instances" where "... a misrepresentation ... is not the sole cause of the loss....")
(citing U.S.S.G. Sec. 2F1.1, n. 11 (1987)); see also United States v. Gregorio,
956 F.2d 341, 345 (1st Cir.1992).


Although Bennett contends that the total loss is overstated as a consequence of

an economic downturn in the regional economy, insofar as the record on appeal
permits assessment it undermines Bennett's claim. The valuation of the
property Bennett agreed to surrender under the terms of the civil suit settlement
was disputed at the initial sentencing; viz., the government contending for
$431,024.16, Bennett $684,000. At that time, Bennett maintained that a
slumping economy had reduced the value of the settlement after the banks took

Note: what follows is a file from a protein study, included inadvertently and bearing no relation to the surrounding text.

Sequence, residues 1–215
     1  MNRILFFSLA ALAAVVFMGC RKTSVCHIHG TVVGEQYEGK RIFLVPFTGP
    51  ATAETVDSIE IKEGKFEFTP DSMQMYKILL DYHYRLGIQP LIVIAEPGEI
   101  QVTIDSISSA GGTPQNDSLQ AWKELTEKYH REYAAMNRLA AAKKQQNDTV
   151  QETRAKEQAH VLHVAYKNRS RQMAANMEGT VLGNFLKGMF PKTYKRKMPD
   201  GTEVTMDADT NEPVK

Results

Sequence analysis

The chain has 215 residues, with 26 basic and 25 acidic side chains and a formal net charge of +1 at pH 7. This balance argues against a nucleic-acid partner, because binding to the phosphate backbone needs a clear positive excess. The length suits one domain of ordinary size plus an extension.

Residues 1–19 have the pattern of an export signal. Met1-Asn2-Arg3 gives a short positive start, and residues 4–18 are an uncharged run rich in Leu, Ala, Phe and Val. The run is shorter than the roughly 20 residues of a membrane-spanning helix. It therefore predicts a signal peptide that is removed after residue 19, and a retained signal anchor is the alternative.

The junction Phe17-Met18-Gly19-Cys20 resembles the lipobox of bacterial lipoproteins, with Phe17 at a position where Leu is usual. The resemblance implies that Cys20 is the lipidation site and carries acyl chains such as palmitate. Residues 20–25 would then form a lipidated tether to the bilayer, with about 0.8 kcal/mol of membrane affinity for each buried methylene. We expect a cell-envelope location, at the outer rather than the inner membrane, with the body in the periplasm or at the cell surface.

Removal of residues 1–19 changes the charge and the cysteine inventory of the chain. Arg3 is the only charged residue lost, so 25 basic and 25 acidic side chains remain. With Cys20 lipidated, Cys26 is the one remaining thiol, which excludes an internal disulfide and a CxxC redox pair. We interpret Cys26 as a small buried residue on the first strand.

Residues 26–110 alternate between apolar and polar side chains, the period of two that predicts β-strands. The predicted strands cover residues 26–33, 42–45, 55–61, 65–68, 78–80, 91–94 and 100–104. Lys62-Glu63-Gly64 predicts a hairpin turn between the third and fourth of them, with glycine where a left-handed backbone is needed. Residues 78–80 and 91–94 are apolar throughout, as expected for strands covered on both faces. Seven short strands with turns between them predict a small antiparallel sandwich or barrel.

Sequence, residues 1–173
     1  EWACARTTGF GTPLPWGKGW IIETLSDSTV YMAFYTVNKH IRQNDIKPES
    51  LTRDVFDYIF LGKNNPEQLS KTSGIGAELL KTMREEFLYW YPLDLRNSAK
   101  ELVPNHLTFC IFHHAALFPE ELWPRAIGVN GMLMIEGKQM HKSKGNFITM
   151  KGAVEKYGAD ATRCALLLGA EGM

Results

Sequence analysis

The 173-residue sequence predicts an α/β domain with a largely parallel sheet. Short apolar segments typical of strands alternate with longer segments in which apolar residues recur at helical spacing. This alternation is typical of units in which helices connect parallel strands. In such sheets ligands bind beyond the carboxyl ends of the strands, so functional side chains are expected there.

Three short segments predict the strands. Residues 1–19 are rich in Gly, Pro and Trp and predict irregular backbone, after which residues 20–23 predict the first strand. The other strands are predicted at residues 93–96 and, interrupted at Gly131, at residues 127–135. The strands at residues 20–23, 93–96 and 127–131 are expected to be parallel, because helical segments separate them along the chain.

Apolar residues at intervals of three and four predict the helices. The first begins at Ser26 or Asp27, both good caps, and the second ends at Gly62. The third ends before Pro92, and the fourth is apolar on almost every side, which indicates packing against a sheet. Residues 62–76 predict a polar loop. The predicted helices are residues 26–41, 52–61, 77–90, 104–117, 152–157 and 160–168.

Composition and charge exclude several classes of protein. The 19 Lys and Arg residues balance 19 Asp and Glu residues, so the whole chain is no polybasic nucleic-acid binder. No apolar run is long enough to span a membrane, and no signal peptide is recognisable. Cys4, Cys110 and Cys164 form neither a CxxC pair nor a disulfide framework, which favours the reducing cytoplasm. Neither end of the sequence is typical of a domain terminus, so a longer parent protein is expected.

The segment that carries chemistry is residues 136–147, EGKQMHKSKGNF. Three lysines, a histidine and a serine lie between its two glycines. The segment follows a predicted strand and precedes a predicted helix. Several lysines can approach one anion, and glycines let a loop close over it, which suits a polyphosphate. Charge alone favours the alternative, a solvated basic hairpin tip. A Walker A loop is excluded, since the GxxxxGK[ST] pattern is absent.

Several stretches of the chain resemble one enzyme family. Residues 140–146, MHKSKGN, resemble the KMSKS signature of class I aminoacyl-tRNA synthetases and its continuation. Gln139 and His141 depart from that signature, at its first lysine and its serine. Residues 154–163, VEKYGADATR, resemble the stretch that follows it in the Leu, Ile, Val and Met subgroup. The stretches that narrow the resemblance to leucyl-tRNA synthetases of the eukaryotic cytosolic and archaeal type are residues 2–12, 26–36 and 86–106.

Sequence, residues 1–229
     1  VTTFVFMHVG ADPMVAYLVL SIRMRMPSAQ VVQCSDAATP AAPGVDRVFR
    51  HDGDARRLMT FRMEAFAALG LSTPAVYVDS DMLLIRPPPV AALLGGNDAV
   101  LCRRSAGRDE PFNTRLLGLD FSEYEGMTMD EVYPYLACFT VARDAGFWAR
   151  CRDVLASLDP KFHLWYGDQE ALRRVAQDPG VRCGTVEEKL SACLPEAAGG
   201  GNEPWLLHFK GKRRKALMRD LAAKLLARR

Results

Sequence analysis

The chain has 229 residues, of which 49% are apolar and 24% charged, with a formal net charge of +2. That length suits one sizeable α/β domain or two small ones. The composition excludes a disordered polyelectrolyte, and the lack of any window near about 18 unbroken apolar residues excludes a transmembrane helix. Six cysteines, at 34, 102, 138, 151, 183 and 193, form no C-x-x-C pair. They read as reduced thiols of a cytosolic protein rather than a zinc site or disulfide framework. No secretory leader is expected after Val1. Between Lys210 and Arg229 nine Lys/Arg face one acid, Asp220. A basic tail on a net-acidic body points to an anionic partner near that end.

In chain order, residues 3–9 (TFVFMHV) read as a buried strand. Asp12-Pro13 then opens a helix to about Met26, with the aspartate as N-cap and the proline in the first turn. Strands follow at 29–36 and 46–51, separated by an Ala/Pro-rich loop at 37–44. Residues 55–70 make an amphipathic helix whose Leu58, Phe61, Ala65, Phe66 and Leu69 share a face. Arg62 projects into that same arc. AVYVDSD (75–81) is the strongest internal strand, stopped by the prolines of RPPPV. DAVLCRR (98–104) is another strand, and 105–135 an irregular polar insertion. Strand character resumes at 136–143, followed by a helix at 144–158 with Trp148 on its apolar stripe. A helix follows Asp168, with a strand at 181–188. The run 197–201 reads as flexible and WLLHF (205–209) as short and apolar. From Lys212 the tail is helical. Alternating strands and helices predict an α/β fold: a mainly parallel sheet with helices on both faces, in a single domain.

title to the improved properties and other assets tendered by Bennett. The
district court accordingly rejected the lower valuation propounded by the
government, and found the settlement worth "at least $660,000." Subsequently,
at resentencing, it placed the value of Bennett's "extraordinary act" at


Thus, not only did Bennett not proffer record evidence of a sudden, unforeseen
downturn in the regional economy that significantly lowered the value of the
properties financed with his illegal borrowings, but throughout both prior
sentencing proceedings he maintained that market factors had not affected these
properties. We therefore hold both that the "multiple loss causation" claim has
not been preserved, see United States v. Dietz, 950 F.2d 50, 55 (1st Cir.1991) ("
[I]n connection with sentencing as in other contexts ... arguments not
seasonably addressed to the trial court may not be raised for the first time in an
appellate venue."), and that it is unsupported--indeed contradicted--by the


As all available avenues for a downward departure have been foreclosed, we

vacate the second sentence imposed by the district court and remand for

resentencing within the guideline sentencing range prescribed by the total